The central government and Fukushima prefectural authorities have been providing prefabricated temporary housing units or paying the rent of those who have evacuated either within or to outside the prefecture, even if they did not come from designated evacuation zones.

The measures were introduced because many residents living outside evacuation zones left their homes out of anxiety over the spread of radioactive fallout.

A total of 231.6 billion yen ($2.9 billion) had been spent by March 2016 on 44,000 households, including the cost of building prefab temporary housing units.

But the Fukushima prefectural government decided in June 2015 to discontinue the assistance for evacuees from areas outside evacuation zones.

“With cleanup efforts moving ahead, the living environments are getting better,” Fukushima Governor Masao Uchibori said at the time.

The decision will affect the so-called voluntary evacuees, who lived in areas that were never designated evacuation zones, and evacuees from areas where evacuation orders were lifted in 2014.

Briefing sessions have been held by the prefectural government since December 2015 at about 40 locations within and outside the prefecture to explain details of rent subsidy measures for low-income households, which will replace the free housing benefits.

In late September, prefectural government officials faced a barrage of questions from about 70 residents of Kawauchi, Fukushima Prefecture, who packed a meeting hall in a temporary housing complex in Koriyama, also in the prefecture.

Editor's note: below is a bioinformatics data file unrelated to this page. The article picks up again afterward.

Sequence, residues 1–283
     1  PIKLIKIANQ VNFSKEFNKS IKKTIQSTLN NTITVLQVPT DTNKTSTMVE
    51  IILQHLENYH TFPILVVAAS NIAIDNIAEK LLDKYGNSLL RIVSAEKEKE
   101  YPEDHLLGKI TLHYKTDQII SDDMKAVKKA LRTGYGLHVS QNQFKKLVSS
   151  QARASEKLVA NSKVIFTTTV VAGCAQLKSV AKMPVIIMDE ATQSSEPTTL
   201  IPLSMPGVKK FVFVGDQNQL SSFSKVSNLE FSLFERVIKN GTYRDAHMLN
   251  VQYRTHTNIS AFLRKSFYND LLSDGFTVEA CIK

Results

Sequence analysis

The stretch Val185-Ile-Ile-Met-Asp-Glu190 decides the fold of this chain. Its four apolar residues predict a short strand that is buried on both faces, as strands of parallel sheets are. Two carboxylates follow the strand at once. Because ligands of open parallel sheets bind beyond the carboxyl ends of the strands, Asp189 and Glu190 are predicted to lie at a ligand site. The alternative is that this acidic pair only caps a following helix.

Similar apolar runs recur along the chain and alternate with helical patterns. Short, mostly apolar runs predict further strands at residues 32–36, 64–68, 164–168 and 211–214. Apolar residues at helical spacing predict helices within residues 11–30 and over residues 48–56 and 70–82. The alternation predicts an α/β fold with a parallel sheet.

The village of Kawauchi had 2,739 residents as of Oct. 1 and at least 889 of them were living for free in rented housing, prefab temporary housing units and elsewhere outside the village.

Fumio Sakuma, 67, is one of them. His wife, who has a kidney disease, takes a 40-minute drive to hospital three times a week to undergo dialysis. Sakuma said he is anxious about having to relocate with his sick wife.

“We would feel grateful if we were allowed to stay here for one or two more years,” he said at the meeting.

Municipalities in disaster areas in Fukushima Prefecture, in the meantime, are hoping that the end of the free housing benefits will see a return of residents.

“Assistance measures by the central and prefectural governments cannot continue forever,” said Yuko Endo, mayor of Kawauchi. “We might as well take a step forward to rebuild our livelihoods.”

The town of Naraha, also in Fukushima Prefecture, has seen less than 10 percent of its residents return.

“More than five and a half years have passed since the onset of the nuclear disaster,” said Naraha Mayor Yukiei Matsumoto. “It’s time for every one of us to think about standing on our own two feet.”

(This article was written by Mikio Kano, Kenji Izawa and Akifumi Nagahashi.)